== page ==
Category: Math for Elem Teachers

The Projects Get BETTER

The second unit in Math for Elementary Teachers (MathET) is on numeration systems and operations on whole numbers.  Again, the students had to complete a “learning project” for the unit.  Some blogged, some mapped concepts and resources, come made presentations to the class, and some built digital lessons. The students are getting “braver” with what they try with each unit we cover. Here are the best projects from Round 2: Two great Prezi’s, one on Addition & Subtraction and one on Exponent Rules A mindmap that attempts to find games or videos for every topic from the unit (in addition to providing notes on each topic) Another mindmap that used some great color-coding to explain the material A  cartoon (made with Pixton) that is funny AND provides details about the history of the number zero Two great blogs: Ashley’s, Alyssa’s Ohio State Princess, and Leichia’s BusyMomLa Round 3 ends tomorrow, but AMATYC starts tomorrow too, so it will be a few days before I post round 3.  If you’d like to learn more about the Learning Projects for this class, you can read Transforming Math for Elementary Ed. Possibly Related Posts: Teaching in Higher Ed Podcast about ESIL Lens Add Graphs In The World to Courses Bringing the Real World to Your Math Class Every Day Taking the Algebra Out of College Algebra Group Exploration in...

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Math Videos at the Sputnik Observatory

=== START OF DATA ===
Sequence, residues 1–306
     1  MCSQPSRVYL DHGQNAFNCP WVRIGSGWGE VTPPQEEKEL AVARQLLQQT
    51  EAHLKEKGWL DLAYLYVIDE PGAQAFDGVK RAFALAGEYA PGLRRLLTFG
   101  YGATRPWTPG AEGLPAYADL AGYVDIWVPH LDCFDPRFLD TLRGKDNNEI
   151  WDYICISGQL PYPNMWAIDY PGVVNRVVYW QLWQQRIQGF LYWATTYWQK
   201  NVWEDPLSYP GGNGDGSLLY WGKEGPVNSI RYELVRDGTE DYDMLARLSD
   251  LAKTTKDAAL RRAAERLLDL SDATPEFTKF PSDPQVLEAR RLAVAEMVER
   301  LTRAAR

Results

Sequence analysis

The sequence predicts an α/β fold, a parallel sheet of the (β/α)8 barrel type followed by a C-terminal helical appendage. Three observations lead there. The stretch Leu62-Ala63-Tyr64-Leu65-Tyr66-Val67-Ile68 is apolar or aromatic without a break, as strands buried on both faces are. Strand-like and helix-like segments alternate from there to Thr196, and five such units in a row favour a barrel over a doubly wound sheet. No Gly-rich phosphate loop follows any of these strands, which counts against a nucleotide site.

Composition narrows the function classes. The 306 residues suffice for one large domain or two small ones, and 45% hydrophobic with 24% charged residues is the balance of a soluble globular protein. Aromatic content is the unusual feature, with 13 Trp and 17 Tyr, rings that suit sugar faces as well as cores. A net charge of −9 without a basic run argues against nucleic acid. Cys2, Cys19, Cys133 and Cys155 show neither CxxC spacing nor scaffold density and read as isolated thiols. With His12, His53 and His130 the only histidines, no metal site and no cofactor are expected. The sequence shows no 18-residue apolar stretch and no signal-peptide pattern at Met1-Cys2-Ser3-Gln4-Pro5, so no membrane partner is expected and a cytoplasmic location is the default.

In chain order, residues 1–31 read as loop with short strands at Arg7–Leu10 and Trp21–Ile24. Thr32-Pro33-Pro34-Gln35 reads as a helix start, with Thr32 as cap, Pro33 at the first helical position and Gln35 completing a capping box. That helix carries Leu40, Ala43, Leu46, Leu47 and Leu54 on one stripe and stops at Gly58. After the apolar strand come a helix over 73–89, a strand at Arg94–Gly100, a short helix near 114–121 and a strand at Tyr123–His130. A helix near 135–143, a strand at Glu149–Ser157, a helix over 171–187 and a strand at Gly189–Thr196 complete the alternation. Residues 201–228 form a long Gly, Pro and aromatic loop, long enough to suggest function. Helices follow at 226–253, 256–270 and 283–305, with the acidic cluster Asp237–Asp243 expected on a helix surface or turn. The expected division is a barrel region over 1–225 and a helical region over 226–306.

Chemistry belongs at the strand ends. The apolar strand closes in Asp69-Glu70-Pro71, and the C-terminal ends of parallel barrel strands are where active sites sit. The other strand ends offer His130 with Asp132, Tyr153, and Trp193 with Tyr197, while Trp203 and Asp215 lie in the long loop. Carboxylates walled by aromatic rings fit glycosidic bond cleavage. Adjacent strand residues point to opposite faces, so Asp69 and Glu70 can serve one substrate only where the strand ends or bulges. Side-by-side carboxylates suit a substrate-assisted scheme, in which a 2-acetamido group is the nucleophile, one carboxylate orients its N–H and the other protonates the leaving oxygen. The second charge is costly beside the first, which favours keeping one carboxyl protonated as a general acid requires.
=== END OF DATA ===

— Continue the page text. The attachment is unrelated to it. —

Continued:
The Sputnik Observatory, is dedicated to providing a venue for viewing and sharing ideas and philosophies of contemporary culture.  Jonathan Harris, who worked on the mindblowing sociological website We Feel Fine, is the site director and blog creator for Sputnik Observatory.  Sputnik also has a host of codirectors with diverse backgrounds in journalism, architecture, and ballet.  Members of Sputnik have spent the last ten years interviewing scientists, philosophers, academics, and the like.  They have over 200 videos of conversations on themes such as coherence, interspecies communication, and urban metabolism. “Sputnik Observatory is a New York not-for-profit educational organization dedicated to the study of contemporary culture. We fulfill this mission by documenting, archiving, and disseminating ideas that are shaping modern thought by interviewing leading thinkers in the arts, sciences and technology from around the world. Our philosophy is that ideas are NOT selfish, ideas are NOT viruses. Ideas survive because they fit in with the rest of life. Our position is that ideas are energy, and should interconnect and re-connect continuously because by linking ideas together we learn, and new ideas emerge.” Here are some of the short interviews that involve mathematics (and all really COOL mathematics).  All of these can be embedded into course shells. Will Wright – Possibility Space Ian Stewart – Alien Mathematics Ian Stewart – Pattern-Seeking Minds Lord Martin Rees – Simple Recipe Trevor Paglen –...

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What we’re doing with WolframAlpha